Crisis over? Yes but it could return, global banking body warns
The world clawed its way off a financial precipice two years ago, says a new report, but major nations still have to do some important work to put the global economy on a sound footing.
The world clawed its way off a financial precipice two years ago, but major nations still have to do some important work to put the global economy on a sound footing. If they don’t take steps such as controlling public debt, a new crisis is possible.
"Addressing overindebtedness, private as well as public, is the key to building a solid foundation" for renewed economic growth, says the report, released Sunday. Otherwise, fiscal problems "could trigger the next crisis."
The report, by itself, doesn't signal anything new about future policies by central banks. But it amplifies many of the concerns they are wrestling with, and comes as the global economy faces significant challenges.
Economic growth has cooled in recent months in key nations including the US. Inflation has revived this year as a global worry, visible in food and oil prices. Governments in Europe are struggling to contain a crisis over whether Greece and other European Union members will be able to finance high public debt.
Related to those immediate trouble signs, in many nations private-sector banks remain under stress, and households carry their own high debt loads.
All this puts pressure on policymakers to navigate toward stable growth and avoid a possible new crisis.
"The consolidation of [government] fiscal accounts has barely started," said the report from the Switzerland-based Bank for International Settlements (BIS). "Highly accommodative monetary policies are fast becoming a threat to price stability." And financial reforms to safeguard the health of commercial banks "have yet to be completed and fully implemented."
Signs of progress and challenge
The report offers a window on signs of both progress and challenge for the global economy, as seen from the vantage point of a high-powered group of economists and financial regulators.
The good news is that the global economy is growing – raising the possibility of a transition from heavy stimulus efforts by policymakers to self-sustaining growth led by consumers and businesses.
But the report comes as a number of challenges have cropped up:
• The European Union has been roiled in recent weeks by efforts to persuade global investors that a credible plan is in place to provide support to Greece, in exchange for austerity measures to curb the nation's debt.
• China is scrambling to control inflationary pressures, which threaten the solid growth it has been achieving in recent years.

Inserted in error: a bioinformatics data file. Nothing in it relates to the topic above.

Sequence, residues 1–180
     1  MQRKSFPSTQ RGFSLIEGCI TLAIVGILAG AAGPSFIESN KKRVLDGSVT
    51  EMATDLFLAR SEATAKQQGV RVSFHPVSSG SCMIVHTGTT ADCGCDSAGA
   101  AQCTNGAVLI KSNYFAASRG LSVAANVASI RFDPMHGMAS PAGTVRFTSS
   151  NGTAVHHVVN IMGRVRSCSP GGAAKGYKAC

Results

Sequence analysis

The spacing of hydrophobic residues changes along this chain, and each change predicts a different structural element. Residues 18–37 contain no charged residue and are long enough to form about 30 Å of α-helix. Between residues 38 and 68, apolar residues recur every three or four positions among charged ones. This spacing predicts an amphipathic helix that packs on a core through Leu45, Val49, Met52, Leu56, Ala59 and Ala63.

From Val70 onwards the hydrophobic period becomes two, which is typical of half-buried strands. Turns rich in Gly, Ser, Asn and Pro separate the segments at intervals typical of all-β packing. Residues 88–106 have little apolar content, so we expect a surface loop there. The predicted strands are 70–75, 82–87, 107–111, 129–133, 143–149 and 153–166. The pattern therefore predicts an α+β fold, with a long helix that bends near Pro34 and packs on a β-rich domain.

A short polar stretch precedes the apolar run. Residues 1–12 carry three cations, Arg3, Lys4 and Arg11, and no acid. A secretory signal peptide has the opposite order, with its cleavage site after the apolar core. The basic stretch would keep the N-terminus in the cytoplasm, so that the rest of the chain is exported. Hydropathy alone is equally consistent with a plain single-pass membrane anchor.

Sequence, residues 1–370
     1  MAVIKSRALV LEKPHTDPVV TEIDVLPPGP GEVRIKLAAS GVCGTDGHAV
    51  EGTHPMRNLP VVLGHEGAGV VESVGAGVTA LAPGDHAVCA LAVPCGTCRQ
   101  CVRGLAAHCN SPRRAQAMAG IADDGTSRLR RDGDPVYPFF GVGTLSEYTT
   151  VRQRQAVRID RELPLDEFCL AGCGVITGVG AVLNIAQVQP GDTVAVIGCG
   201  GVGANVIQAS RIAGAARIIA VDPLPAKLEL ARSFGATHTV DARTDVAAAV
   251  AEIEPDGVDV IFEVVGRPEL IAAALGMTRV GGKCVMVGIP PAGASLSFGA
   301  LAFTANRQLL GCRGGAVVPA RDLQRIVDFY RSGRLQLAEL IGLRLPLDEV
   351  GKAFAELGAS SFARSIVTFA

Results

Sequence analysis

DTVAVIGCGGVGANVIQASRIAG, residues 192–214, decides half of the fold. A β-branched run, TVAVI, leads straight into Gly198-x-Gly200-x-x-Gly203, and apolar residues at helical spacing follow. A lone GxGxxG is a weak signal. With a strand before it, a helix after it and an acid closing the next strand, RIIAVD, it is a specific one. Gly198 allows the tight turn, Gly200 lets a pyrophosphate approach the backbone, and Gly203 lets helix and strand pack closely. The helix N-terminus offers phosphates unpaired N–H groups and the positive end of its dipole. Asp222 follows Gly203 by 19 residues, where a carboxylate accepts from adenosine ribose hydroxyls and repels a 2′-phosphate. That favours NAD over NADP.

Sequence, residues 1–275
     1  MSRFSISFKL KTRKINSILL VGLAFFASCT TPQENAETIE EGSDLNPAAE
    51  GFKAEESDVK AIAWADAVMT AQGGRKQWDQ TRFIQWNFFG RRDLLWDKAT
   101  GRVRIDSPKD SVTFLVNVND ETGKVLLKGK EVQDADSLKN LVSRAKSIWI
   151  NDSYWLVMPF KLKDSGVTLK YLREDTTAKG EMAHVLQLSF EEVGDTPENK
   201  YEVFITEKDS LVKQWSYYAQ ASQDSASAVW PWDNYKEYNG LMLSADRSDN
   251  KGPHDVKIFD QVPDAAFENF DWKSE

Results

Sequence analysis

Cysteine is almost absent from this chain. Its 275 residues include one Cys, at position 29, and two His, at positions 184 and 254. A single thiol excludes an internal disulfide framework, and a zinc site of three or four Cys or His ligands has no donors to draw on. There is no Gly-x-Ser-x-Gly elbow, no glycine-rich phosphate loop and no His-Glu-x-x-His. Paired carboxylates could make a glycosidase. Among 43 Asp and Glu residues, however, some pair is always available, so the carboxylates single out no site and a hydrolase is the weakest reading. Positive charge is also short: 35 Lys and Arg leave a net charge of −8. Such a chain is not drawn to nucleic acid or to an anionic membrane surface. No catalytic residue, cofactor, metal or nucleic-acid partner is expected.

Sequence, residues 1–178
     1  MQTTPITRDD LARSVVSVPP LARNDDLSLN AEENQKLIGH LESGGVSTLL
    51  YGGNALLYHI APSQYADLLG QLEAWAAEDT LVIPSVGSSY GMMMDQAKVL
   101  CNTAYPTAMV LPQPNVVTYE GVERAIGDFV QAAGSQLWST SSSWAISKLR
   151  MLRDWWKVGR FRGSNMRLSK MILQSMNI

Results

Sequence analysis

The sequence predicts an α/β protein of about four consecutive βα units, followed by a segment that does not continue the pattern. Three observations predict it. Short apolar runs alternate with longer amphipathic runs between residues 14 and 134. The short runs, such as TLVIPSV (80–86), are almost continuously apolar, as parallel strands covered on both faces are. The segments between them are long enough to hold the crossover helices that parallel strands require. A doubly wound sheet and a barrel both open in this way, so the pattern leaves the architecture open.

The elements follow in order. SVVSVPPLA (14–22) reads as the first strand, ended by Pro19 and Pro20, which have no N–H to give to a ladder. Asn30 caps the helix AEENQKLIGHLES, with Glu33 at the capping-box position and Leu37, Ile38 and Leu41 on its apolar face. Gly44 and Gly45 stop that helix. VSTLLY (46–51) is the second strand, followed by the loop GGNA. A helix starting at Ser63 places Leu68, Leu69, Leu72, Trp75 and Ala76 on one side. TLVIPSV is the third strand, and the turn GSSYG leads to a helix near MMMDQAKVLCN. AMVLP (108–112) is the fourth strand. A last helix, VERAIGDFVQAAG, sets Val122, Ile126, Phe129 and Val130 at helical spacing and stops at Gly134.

• In the US, elected officials reached an impasse last week in their heated debate over whether to cut government spending, couple some tax hikes with spending cuts, or postpone fiscal reform.
Some recommendations in the BIS report stand in contrast to a sizable camp of private-sector economists, who argue that the economic recovery still requires government stimulus to encourage consumer spending, in part through tax cuts and government spending policies.
The BIS analysis, while not denying weaknesses in the current economy, called for "driving up private saving," as opposed to private consumption. And it called for "taking substantial action now to reduce deficits in the countries that were at the core of the crisis."
Financial-industry reforms needed
Similarly, the BIS report urges strong follow-through on financial-industry reforms – designed to ensure that big global banks build up larger capital cushions that they could draw on in a future crisis. But those reforms have met with resistance from bankers.
Individual nations have been developing financial reforms, while the BIS has been working to ensure that standards placed on the largest global banks are similar in all the large nations where they operate.
In the US, bankers have complained that the so-called Dodd-Frank law, signed by President Obama, is overly constraining. Republicans have joined the crusade against new rules from regulatory agencies, such as oversight of complex investments called derivatives.
“Anything we can do to slow down, deter, or impede their ability to engage in this kind of oppressive overregulation, which is freezing up our economy, would be good for the country,” Senate Republican leader Mitch McConnell said last week, speaking at a breakfast hosted by The Christian Science Monitor
Federal Reserve Chairman Ben Bernanke has recently come to the defense of tighter rules for banks.
And the BIS report, while it did not comment directly on the Dodd-Frank law, said that new efforts at "improving banking system resilience will yield benefits that far outweigh the costs."